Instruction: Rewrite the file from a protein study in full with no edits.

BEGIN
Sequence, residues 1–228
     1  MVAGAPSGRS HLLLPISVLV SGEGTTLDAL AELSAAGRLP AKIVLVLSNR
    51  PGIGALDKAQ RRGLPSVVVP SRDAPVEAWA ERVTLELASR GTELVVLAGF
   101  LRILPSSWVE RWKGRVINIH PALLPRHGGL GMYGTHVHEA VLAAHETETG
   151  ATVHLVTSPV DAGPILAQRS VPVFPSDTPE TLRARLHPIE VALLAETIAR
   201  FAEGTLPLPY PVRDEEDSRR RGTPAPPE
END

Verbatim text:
Sequence, residues 1–228
     1  MVAGAPSGRS HLLLPISVLV SGEGTTLDAL AELSAAGRLP AKIVLVLSNR
    51  PGIGALDKAQ RRGLPSVVVP SRDAPVEAWA ERVTLELASR GTELVVLAGF
   101  LRILPSSWVE RWKGRVINIH PALLPRHGGL GMYGTHVHEA VLAAHETETG
   151  ATVHLVTSPV DAGPILAQRS VPVFPSDTPE TLRARLHPIE VALLAETIAR
   201  FAEGTLPLPY PVRDEEDSRR RGTPAPPE